The meetings of the Joint Working Group, scheduled for 23rd to 24th August in Port Louis, would enable the two parties to try to jump over the obstacles on a file where the challenges are sensible.
These consultations would enable the representatives of both countries to try to find a balance between the interest of Mauritius to defend the reputation of its financial services centre and the right of India to take all necessary measures to fight one of the scourges which gives cold sweat to some states. It is question of an offence of fiscal evasion on a great scale which is being practiced in the context regulated by some bilateral conventions.
Since some time now, they are glaring  at one another .The reason : suspicions that dispositions of the Treaty ,providing for a complete review of the Non Double Taxation Avoidance Treaty, would be used from Mauritius by fiscal evaders just to bypass the Revenue Authorities of India.
As two sensible friends, India and Mauritius have decided to meet around a table in Port Louis on 23rd and 24th August .It will be in the context of the consultations of the Joint Working Group. This Committee has in fact been set up with a view to examining all points associated with this Treaty and which are susceptible to feed a dispute between the two countries.
As a preview to this meeting, the Mauritian Government and the parties concerned by this Treaty are already sharpening their knives. The Global Institutional Investors Forum (GIIF) has already shared with Government the points which it intends to raise.The GIIF has fixed as mission to promote Mauritius as a centre for financial services of global repute.
The dispute, occasioned by a contested utilization of dispositions of the Treaty , is not so simple to solve as one would have thought. In the beginning, all was too beautiful and new, India saw nothing abnormal when Mauritius chose not to tax revenue coming from capital gains.The abuse of this procedure, legal in substance , in principle and in conception, makes teeth grind in India. The country has made it known at the level of the Lok Sabha by no less than the actual President of India ,Pranab Mukherjee, then minister of Finance.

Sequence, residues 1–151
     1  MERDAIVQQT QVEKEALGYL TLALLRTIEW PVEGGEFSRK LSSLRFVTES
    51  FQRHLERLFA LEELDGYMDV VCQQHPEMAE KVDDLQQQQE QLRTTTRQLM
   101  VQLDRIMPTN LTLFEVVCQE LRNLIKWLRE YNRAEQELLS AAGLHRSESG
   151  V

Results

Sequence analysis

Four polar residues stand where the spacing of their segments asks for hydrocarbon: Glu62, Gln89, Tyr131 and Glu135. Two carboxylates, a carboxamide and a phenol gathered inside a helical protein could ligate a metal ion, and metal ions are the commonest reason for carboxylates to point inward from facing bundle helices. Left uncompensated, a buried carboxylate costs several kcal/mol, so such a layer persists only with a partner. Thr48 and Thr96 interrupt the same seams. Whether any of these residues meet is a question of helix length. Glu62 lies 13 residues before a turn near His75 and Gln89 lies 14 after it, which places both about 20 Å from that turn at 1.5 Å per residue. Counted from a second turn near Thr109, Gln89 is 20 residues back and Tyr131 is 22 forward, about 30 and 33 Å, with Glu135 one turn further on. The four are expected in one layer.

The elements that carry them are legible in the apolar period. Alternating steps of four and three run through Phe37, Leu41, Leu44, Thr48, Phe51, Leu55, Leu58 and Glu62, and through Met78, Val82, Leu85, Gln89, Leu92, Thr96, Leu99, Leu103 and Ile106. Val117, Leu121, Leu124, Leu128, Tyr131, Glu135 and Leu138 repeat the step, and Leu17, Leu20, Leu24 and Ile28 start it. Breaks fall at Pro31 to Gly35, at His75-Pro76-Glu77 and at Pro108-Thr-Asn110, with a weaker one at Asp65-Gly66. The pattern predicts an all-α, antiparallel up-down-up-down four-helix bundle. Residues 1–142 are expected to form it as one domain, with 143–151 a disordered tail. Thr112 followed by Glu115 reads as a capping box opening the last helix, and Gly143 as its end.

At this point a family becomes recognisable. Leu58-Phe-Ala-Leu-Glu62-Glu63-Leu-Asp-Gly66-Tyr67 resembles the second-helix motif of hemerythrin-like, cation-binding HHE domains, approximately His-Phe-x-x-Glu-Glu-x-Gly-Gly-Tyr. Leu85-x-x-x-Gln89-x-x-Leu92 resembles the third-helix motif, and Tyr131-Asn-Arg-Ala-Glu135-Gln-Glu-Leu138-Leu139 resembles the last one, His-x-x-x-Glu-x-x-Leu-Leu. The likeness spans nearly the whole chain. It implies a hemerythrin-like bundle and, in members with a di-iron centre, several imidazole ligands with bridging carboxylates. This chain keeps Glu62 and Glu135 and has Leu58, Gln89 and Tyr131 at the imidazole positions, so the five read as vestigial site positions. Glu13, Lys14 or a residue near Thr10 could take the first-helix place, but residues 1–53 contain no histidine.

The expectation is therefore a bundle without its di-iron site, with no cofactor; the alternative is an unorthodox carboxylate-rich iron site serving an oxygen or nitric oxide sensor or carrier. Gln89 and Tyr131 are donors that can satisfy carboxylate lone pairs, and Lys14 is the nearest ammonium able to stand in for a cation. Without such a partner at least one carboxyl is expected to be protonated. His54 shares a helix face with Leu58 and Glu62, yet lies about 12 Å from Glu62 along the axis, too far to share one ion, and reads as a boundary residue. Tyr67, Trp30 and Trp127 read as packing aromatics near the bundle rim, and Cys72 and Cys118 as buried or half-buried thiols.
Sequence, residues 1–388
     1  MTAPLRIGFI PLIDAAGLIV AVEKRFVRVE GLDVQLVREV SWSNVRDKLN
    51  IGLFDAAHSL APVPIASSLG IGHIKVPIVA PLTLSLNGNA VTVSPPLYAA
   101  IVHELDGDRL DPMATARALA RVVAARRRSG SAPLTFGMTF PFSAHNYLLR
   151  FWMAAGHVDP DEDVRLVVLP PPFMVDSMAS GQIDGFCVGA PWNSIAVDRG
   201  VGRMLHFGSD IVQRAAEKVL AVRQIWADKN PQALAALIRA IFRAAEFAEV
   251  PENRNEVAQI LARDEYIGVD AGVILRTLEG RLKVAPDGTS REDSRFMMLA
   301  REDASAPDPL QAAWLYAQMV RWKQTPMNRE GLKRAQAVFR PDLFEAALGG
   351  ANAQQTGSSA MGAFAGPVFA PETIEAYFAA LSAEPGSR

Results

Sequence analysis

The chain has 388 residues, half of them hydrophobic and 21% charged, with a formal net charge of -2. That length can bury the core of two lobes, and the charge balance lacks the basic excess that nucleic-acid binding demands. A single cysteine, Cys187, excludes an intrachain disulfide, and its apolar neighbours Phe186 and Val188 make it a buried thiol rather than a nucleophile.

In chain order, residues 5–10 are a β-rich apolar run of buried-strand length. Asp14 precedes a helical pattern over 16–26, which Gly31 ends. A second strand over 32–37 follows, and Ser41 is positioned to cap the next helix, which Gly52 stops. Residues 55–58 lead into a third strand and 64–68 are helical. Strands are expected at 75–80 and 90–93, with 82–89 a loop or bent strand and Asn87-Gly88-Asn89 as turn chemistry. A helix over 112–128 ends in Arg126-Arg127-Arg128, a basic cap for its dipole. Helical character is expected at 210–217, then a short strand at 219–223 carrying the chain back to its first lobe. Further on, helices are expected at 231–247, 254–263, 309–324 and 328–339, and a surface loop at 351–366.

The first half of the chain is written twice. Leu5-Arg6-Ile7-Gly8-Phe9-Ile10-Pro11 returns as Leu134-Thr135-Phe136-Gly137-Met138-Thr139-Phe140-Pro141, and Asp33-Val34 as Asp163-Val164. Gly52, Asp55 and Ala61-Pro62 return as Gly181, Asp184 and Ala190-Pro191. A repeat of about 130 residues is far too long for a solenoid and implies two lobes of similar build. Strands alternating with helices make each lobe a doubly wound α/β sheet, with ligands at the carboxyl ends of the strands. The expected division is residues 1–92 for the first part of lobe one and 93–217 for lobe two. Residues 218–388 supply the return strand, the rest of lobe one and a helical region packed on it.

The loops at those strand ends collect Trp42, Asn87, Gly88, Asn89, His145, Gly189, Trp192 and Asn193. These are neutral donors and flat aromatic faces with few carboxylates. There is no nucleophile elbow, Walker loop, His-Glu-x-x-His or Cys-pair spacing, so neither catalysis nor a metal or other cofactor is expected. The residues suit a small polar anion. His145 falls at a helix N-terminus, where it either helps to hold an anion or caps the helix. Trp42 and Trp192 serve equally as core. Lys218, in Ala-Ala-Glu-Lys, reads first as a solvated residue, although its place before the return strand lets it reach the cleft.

The reason is simple. India loses money, lots of money from the Indian point of view, it is understood and it is not false. Because the actual dispositions constitute an open door to some who want to do round tripping .It''s the term used to qualify the action consisting in making one''s money transit in the financial centre of a country with which our own country has signed a treaty.
It''s not truly whitewashing, but it looks like. The demarcation line is that this money will bear the label of investment when it returns in the country of origin. But it''s fake investment. And the Revenue Service of the receiving country can''t do nothing to rid it of its status of investment, of its right of not being subject to taxation.
For Mauritius, it''s not a question of losing money but of the rules of the game or rather of the Treaty. Its position is simple : The maintaining of a situation whereby both countries are winners, each one in its own way. That is to say, it''s 50/50.India does not agree with that. It wants to change the rule of the game with the introduction of a legal instrument. It is question of the famous GAAR (General Anti-Avoidance Rule) so much opposed by countries having signed a treaty of Non Double Taxation with India .The GAAR which will be operational in 2013, will enable the Indian Tax Authorities to act when they suspect an investor of fiscal evasion.
“Yes to dialogue, however Mauritius should not succumb under pressure exercised by the Indian Authorities as such has been the case with Indonesia. Backing out is not an option, nor is abdication of our right to residence state taxation of capital gains arising out of Indian inbound investments. What constitutes the competitive edge of our Offshore Financial Services Centre over and above our main competitors strictly needs to be preserved”, insists Didier Picon, Managing Director at Murray & Collins OMC.
In spite of uncertainties that float on the destiny of the treaty between Mauritius and India, the Mauritian Government is going to this meeting of 23rd and 24th August with optimism, confident in the words of a friendly country which has indicated that India does not want to harm Mauritius but is confronted by a problem of fiscal evasion on its territory.